The British are much more integrated in their approach to sport.Mark Ramprakash, Nasser Hussein and Monty Parmesar have all donned British colours.
Kevin Pietersen scored a double century in the second Test at Adelaide and promptly went to bed. He intermittently woke to score a couple of 50s and an odd 30—his double gave him a series average of 60—and provide us the odd gem how his sacking as captain was responsible for the turnaround in the team’s fortunes under Strauss. That statement was immediately contradicted by his teammate James Anderson who went on to describe Alastair Cook as more talented than the South-African born cricketer. Who’s joshing whom, chaps?
The difference in the two sides starts at the top of the batting order.England’s trio aggregated 1518. Their counterparts could muster just 800, roughly half;this includes Phillip Hughes’ and Usman Khawaja’s contributions.
For Michael Hussey, it was sweet redemption. However, it was a case of too much expected of his broad shoulders for the too little produced by his batting partners.
Shane Watson has been criticised for not converting any of his 50s into big hundreds. The censure is unfair especially when you note that 435 of the 800 runs scored by the top three came off his blade.
Can England wrest the No. 1 spot?
Brad Haddin came to the party averaging 45 for the series. For England, Matt Prior and Ian Bell were solid , recording a century apiece.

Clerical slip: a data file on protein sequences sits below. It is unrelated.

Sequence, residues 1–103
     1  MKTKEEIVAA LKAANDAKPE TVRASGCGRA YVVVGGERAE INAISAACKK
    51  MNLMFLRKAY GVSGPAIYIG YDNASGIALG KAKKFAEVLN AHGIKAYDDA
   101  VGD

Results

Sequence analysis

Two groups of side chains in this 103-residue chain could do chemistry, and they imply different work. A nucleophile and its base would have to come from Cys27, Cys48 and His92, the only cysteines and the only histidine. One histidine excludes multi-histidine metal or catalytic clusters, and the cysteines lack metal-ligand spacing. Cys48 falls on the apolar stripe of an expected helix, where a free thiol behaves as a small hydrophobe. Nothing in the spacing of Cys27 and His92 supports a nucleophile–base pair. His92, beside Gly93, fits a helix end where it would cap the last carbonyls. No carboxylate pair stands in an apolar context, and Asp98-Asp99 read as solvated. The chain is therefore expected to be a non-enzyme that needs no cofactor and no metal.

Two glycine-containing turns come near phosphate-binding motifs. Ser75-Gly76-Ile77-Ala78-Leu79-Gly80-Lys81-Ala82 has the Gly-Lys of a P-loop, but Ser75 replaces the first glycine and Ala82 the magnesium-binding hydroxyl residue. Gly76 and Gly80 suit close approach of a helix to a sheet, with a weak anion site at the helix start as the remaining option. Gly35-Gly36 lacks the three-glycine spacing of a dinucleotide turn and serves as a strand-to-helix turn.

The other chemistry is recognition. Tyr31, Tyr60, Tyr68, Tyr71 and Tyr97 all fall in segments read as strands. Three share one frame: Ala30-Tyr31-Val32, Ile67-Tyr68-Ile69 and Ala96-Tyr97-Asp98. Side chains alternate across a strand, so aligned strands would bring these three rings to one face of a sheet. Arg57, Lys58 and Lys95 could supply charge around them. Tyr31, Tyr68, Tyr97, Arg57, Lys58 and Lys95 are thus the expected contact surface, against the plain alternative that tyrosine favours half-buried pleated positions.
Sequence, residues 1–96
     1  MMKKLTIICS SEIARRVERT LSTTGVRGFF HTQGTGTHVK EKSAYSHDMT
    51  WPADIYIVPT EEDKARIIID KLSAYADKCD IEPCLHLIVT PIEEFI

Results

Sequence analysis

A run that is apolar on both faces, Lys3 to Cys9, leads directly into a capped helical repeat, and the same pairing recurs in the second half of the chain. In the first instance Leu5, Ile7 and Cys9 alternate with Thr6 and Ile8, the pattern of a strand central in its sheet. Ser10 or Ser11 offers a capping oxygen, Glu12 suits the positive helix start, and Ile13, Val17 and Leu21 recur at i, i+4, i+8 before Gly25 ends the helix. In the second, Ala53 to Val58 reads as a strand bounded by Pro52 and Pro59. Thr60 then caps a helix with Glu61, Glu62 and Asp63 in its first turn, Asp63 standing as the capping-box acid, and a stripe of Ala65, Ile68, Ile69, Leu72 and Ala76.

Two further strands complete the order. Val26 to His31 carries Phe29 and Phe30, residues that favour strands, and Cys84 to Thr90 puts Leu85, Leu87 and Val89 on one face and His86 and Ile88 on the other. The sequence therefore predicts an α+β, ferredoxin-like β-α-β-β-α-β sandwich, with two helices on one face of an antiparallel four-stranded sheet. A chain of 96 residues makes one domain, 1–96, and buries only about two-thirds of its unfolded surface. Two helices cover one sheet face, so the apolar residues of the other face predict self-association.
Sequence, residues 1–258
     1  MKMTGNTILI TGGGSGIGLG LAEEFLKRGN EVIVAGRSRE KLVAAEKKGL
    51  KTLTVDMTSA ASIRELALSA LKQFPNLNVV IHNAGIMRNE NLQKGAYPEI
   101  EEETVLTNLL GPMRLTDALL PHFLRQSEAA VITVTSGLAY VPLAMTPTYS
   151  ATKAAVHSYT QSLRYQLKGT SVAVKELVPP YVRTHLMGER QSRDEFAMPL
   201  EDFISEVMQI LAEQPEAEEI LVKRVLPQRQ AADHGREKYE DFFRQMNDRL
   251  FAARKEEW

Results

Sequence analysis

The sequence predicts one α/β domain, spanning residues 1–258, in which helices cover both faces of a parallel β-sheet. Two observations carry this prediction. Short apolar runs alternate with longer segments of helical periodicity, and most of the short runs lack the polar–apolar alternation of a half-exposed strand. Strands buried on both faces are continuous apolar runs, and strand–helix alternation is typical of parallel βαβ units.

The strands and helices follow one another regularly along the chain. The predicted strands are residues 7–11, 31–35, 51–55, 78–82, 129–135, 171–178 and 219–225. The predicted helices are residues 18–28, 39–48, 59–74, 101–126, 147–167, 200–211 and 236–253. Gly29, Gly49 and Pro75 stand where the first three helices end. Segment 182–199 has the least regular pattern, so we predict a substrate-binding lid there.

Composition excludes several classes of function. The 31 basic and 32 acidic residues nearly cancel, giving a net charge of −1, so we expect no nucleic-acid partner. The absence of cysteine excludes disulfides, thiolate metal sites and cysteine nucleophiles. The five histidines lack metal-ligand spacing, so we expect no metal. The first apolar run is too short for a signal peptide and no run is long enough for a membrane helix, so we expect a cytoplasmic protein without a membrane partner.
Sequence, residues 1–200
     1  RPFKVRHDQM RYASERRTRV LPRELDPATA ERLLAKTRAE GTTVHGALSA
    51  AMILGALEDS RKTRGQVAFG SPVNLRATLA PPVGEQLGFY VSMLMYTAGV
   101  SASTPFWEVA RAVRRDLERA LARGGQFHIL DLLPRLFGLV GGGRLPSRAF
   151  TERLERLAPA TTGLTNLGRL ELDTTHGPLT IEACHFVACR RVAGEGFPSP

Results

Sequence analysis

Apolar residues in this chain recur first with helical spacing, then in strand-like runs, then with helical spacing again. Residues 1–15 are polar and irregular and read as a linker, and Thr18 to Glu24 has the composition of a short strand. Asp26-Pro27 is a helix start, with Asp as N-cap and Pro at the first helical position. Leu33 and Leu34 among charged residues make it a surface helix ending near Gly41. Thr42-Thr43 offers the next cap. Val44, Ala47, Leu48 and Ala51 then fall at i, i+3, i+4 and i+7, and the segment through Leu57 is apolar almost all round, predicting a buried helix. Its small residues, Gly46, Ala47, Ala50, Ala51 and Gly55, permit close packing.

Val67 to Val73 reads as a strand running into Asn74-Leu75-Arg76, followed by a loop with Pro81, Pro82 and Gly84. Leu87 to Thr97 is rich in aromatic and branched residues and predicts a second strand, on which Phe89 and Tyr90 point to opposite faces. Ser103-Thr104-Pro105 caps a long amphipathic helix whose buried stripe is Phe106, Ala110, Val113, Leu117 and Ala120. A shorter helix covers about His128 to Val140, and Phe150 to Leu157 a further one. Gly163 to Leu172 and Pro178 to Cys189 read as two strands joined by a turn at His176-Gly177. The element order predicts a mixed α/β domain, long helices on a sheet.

The only failure with the bat, Paul Collingwood, bid farewell to Test cricket.
Mitchell Johnson was the pick of the Aussie bowlers claiming 15 victims in 4 Tests, followed closely by Peter Siddle and Ryan Harris with 14 and 11.
Contrast that to 24,17,15,14 and 11 for James Anderson,Chris Tremlett,Graeme Swann,Steve Finn and Tim Bresnan respectively and you have a pretty good idea what the Kangaroos lacked in the bowling department.
Australia ran through 17 players, handing caps to Michael Beer and Usman Khawaja.England’s only real setback was the injury to Stuart Broad. It was temporary—Tremlett and Bresnan proved more than adequate to the task.
The English now await a real Test this year when they take on India at home. England believe that they deserve the No.1 spot. India will be hard-pressed when they tour West Indies ,England and Australia in quick succession.
The Australians are left licking their wounds. The process of rebuilding will begin in earnest post the World Cup.
A severe outbreak of post-Ashes stress disorder of the kind normally associated with English cricket has reached epidemic proportions.
Unimpressed: Ricky Ponting not happy ha ha ha ha ha ha ha ha ha
It follows Australia's 3-1 surrender of the Ashes urn, their first defeat by England on home soil for 24 years.
Forget all those root-and-branch analyses of 'What's Wrong With English Cricket?' since 1986-87, the Aussie players have cut straight to the chase.
Paul Marsh, chief executive of the Australian Cricketers' Association, said: 'The game's anachronistic governance structure is fundamentally flawed.'
And a report in The Australian newspaper states Marsh wants the century-old structure of the 14-man board, with an uneven number of delegates from the six states, replaced by a high-powered body made up of leaders in their fields.